Many healthcare professionals are involved in the treatment and management of multiple sclerosis (MS). A general practitioner or internist may spearhead your treatment. They may work with a variety of other doctors to treat your MS. They may also assign out tests that can check for signs of progression. These other doctors will ultimately report back to your general practitioner.
For your own health and well being, this is a very good thing. Your medical history will be maintained in one location; future doctors won’t lose time tracking down your medical records; and you’ll be able to receive adequate and timely treatment because your health history is quickly accessible.
Your Care Team and Their Roles
Establishing a two-way, open dialogue with your doctors will help you feel confident in your treatment plan, capable of responding to changes, and prepared to alter or adjust your plans as your MS advances and changes.
Neurologists are medical specialists trained to evaluate your central nervous system and monitor for signs of MS progression. If a general practitioner does not serve as the head of your care team, a neurologist often will.
A neuropsychologist specializes in cognitive abilities and training. They can evaluate and prescribe a cognitive rehabilitation course of treatment if MS is causing difficulties with memory, attention, information processing, or reasoning.
Nurses are the unsung heroes of treating all medical conditions. Nurse educators may work with you and your family and teach about MS and related problems. They can also direct you or your loved one to local or national groups that specialize in MS treatment and care. In addition to their role as caregivers and facilitators of assessment tests, nurses can help you and your family coordinate at-home care.
Occupational therapists can teach you new ways to perform everyday tasks that may become more difficult as MS progresses.
A physical therapist can help you stay physically active, even as MS advances. You can learn exercises and stretches that improve flexibility, coordination, and balance. A physical therapist can also help you adapt to the use of any assistive devices or mobility aids. In some cases, a physical therapist may visit your home and help you adjust the layout and architecture so that you can easily maneuver.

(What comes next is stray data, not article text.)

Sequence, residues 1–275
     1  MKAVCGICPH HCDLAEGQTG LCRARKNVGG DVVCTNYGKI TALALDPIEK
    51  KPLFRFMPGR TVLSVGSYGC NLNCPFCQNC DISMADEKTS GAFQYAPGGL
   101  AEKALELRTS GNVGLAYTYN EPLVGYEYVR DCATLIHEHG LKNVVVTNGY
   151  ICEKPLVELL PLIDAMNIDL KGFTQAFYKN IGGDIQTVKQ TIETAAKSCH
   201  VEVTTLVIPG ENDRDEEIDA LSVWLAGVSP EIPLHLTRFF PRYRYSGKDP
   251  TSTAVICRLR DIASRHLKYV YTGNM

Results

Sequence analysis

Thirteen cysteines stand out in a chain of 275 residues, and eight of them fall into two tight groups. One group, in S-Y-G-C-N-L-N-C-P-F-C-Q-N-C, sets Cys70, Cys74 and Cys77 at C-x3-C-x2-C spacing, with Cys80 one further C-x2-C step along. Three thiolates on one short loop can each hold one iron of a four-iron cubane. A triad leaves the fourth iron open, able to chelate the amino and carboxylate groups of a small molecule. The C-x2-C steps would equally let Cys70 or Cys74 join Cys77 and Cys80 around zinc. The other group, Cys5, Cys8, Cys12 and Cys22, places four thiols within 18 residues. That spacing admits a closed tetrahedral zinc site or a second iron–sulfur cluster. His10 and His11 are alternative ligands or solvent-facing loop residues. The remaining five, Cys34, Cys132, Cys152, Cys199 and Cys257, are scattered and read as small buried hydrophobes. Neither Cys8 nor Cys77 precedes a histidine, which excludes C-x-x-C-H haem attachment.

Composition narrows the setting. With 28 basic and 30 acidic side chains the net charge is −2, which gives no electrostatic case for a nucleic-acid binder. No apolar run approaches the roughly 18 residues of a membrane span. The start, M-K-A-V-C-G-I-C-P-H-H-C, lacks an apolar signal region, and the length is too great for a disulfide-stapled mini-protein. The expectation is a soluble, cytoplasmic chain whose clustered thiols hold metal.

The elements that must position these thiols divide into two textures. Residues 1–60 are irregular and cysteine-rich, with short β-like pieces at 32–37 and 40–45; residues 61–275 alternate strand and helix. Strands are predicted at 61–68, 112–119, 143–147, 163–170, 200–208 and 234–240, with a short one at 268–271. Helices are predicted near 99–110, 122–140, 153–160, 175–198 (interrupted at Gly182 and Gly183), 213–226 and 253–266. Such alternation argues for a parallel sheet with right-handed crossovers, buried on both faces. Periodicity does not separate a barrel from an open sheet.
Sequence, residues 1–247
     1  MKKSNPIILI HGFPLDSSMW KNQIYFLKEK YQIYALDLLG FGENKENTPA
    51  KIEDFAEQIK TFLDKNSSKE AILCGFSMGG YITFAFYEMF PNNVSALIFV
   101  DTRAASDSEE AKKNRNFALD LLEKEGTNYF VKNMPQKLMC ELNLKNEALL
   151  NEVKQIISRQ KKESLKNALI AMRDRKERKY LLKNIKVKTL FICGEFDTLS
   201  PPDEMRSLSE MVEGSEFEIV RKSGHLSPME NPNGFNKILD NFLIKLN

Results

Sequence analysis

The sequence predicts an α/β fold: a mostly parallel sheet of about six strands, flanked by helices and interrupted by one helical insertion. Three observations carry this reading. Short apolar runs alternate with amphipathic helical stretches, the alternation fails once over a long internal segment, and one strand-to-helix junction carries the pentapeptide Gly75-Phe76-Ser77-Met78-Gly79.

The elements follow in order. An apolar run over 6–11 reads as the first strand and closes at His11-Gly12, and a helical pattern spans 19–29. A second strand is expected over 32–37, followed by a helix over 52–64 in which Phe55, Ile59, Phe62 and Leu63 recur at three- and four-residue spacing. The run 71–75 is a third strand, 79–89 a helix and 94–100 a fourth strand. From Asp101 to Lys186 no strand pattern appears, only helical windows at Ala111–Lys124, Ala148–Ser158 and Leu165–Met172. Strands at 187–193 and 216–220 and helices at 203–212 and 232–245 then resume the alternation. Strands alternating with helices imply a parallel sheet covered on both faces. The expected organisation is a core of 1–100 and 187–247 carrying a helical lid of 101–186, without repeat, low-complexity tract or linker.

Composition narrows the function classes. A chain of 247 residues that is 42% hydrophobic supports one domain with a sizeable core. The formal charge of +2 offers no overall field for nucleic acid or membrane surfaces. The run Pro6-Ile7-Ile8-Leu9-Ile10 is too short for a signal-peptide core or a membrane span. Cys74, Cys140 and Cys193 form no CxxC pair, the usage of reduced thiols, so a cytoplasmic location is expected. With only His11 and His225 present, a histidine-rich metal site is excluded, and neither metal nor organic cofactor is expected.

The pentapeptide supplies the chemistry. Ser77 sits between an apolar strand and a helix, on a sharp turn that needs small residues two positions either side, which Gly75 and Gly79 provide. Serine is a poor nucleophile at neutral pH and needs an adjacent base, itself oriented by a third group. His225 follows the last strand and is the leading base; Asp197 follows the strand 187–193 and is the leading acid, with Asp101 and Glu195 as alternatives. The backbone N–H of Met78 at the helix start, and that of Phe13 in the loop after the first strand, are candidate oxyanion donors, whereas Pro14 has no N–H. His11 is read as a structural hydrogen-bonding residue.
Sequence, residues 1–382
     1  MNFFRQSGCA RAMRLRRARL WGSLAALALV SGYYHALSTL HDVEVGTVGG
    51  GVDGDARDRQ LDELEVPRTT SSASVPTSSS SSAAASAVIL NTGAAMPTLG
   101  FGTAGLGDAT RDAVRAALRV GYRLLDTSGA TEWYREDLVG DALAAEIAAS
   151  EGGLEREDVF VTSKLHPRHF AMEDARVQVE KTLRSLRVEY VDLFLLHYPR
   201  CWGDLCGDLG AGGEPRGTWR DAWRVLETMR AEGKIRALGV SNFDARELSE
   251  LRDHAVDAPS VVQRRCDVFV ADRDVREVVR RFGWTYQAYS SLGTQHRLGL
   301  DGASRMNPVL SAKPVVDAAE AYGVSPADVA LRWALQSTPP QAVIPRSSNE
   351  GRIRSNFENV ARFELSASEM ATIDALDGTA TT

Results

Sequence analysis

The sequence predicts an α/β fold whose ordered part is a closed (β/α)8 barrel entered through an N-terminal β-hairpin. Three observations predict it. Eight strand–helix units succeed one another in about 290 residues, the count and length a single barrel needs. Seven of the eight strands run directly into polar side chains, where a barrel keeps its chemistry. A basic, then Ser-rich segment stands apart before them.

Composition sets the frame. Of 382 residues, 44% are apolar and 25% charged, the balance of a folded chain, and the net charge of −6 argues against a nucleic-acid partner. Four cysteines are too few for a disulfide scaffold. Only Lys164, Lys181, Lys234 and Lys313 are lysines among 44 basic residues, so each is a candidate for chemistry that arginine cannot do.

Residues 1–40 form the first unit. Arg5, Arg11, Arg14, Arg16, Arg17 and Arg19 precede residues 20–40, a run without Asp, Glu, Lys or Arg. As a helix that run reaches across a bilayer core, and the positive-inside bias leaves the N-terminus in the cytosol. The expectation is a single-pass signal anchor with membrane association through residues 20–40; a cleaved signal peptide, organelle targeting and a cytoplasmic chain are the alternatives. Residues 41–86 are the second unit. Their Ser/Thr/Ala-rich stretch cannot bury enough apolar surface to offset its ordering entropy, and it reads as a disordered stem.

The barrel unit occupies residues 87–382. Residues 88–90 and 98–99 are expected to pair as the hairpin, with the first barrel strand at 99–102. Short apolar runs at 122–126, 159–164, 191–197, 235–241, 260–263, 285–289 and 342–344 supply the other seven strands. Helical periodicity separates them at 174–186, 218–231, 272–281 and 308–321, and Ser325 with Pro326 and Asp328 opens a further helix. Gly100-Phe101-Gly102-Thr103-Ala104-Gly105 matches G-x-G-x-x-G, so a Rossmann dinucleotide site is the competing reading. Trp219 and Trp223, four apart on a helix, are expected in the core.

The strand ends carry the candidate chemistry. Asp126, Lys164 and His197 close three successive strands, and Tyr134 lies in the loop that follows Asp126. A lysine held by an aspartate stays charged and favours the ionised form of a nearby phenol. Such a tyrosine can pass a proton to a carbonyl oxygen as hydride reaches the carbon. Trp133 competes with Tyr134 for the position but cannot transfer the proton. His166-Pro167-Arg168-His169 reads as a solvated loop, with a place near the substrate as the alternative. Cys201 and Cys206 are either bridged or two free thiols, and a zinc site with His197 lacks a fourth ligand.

As MS advances, a psychologist may be helpful for both you and your family. Advancing MS can cause distress, frustration, and anxiety. A psychologist can provide counsel and instruction regarding stress management and coping with the changes in a healthy way.
Registered dietitians provide nutrition and lifestyle counseling that can help you prevent complications of MS brought on by malnutrition. They can also help you adapt your diet and nutrition to your changing MS. Making appropriate diet changes can help you avoid experiencing significant weight gain. Gaining weight can make MS symptoms worse.
Social workers and patient advocates provide counseling and referrals for patients and their families. They can also help establish connections to community, local, or national agencies that may be able to provide assistance or support.
Have a Conversation
Your doctor shouldn’t be the only person asking questions during your appointments. It’s important to ask them any questions you have about your disease, treatment, management, and symptoms. No question is too small or trivial when it comes to treating MS.
Keep a notepad handy at all times. Write down any questions that come up regarding your condition. Bring that notepad with you to appointment so you’ll remember your questions. It’ll also provide a place to take notes during your appointment.
Find Out Who You Call After Hours
Does your doctor provide a 24-hour assistance line? Can you have them paged in the middle of the night? Will they accept and respond to emails?
All of these questions are important to ask your doctor and their staff. Often, questions about treatment or a symptom will come to you in the middle of the night. Find out if your doctor will respond to emails or phone messages you leave for them. If not, ask if they have a recommendation for a trusted agency who can answer your questions in an informed way.
Follow Up Before an Appointment
If you visited another member of your care team for a test or assessment, follow up with their office to make sure they have sent results to your internist, general practitioner, or whichever doctor is spearheading your treatment. Otherwise, your doctor may not be able to report back to you on the results, and you will likely have to make another appointment for a later date.
Seek Help Elsewhere
You can always ask for a second opinion. You should seek one if your doctor leads you to believe you have explored all possible treatment options. Do not take “no more options” for an answer.